Former Acting Inspector General for the U.S. Department of Homeland Security Indicted on Theft of Government Property and Scheme to Defraud the United States Government
WASHINGTON, D.C. – A federal grand jury in the District of Columbia returned a sixteen-count indictment against a former Acting Inspector General for the U.S. Department of Homeland Security (“DHS”) and a former subordinate for their alleged theft of proprietary software and confidential databases from the United States government as part of a scheme to defraud the United States government.
U.S. Attorney Timothy J. Shea for the District of Columbia, Assistant Attorney General Brian A. Benczkowski of the Justice Department’s Criminal Division, Inspector General Joseph V. Cuffari for the U.S. Department of Homeland Security, and Inspector General Tammy L. Whitcomb for the United States Postal Service made the announcement.
The indictment charges Charles K. Edwards, 59, of Sandy Spring, Maryland, and Murali Yamazula Venkata, 54, of Aldie, Virginia, with conspiracy to commit theft of government property and to defraud the United States, theft of government property, wire fraud, and aggravated identity theft. The indictment also charges Venkata with destruction of records. The indictment, which was returned on Thursday, March 5, 2020, was unsealed this morning after Edwards and Venkata were taken into custody under the charges. Both defendants will be presented for an initial appearance at 1:45 p.m. today before United States Magistrate Judge Robin M. Meriweather.
According to the allegations in the indictment, from October 2014 to April 2017, Edwards, Venkata, and others executed a scheme to defraud the United States government by stealing confidential and proprietary software from the Office of the Inspector General of DHS (DHS-OIG), along with sensitive government databases containing personal identifying information (“PII”), so that Edwards’s company, Delta Business Solutions, could later sell an enhanced version of DHS-OIG’s software to the Office of Inspector General for the U.S. Department of Agriculture (“USDA-OIG”) at a profit. Although Edwards had left DHS-OIG in December 2013, he continued to leverage his relationship with Venkata and other DHS-OIG employees to steal the software and the sensitive government databases.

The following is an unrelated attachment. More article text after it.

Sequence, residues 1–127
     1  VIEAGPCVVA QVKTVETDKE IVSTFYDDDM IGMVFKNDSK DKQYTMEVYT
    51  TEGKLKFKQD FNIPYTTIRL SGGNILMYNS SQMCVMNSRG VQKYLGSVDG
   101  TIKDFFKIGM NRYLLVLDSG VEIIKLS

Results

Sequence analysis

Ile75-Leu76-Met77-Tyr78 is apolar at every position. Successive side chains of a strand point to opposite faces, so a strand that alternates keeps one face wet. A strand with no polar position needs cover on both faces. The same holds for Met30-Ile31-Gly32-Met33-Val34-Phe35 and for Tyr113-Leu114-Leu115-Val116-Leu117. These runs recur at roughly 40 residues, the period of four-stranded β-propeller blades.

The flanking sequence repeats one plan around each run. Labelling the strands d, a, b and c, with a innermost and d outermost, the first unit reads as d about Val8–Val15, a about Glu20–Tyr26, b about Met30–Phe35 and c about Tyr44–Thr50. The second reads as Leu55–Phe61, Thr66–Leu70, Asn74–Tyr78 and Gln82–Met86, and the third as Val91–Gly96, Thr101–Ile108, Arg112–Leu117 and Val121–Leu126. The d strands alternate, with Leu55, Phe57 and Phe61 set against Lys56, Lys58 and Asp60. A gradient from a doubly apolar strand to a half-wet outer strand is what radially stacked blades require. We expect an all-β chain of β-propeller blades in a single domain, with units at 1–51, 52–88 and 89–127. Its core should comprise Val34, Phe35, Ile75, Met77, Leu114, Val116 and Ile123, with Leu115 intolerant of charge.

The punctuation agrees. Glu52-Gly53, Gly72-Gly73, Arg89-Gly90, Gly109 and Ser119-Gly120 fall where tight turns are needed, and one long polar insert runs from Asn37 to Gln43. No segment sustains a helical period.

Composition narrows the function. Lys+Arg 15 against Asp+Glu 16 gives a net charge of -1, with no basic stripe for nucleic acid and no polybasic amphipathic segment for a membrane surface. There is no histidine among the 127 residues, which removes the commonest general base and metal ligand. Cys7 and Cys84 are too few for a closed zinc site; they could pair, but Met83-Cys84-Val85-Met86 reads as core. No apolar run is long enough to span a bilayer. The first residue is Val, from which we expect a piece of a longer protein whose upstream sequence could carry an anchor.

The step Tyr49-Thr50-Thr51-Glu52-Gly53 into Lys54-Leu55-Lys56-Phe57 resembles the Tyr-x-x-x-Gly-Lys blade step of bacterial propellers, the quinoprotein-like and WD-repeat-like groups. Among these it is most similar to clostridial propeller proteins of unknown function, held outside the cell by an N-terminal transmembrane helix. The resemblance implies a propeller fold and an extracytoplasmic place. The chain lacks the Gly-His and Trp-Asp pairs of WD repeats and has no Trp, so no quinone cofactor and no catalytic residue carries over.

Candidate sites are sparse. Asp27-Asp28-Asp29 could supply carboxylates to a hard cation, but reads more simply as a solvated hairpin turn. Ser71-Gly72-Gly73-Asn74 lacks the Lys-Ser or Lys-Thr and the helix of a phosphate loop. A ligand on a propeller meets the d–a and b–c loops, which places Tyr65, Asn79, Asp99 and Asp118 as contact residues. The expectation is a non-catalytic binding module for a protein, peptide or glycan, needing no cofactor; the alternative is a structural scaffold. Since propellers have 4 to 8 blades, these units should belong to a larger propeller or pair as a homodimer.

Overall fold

The indictment further alleges that, in addition to stealing DHS-OIG’s software and the sensitive government databases, Venkata and others also assisted Edwards by reconfiguring his laptop so that he could properly upload the stolen software and databases, provided troubleshooting support whenever Edwards required it, and helped him build a testing server at his residence with the stolen software and databases, which contained PII. As further part of the alleged scheme, Edwards retained software developers in India for the purpose of developing his commercial alternative of DHS-OIG’s software. In so doing, Edwards not only shared DHS-OIG’s proprietary software with foreign nationals but also the PII of U.S. federal employees and individuals implicated (either as victims, subjects, or witnesses) in official investigations conducted by DHS-OIG as well as the Office of Inspector General for the U.S. Postal Service (“USPS-OIG”).
The indictment is the result of an ongoing investigation by DHS-OIG and USPS-OIG and is being prosecuted by Assistant United States Attorney David B. Kent of the U.S. Attorney’s Office for the District of Columbia and Trial Attorney Victor R. Salgado of the Criminal Division’s Public Integrity Section.
The defendants face maximum terms of imprisonment of 5 years on the conspiracy to commit theft of government property charge; 10 years on the theft of government property charge; and 20 years on the wire fraud charges. The defendants face a mandatory minimum sentence of 2 years of imprisonment on the aggravated identity theft charges. Venkata faces a maximum term of imprisonment of 20 years on the destruction of records charge. Both defendants face fines on each count of conviction of up to $250,000 or twice the pecuniary gain or loss arising from the scheme alleged in the indictment.
An indictment is a formal accusation of criminal conduct, not evidence of guilt. The defendant is presumed innocent unless proven guilty.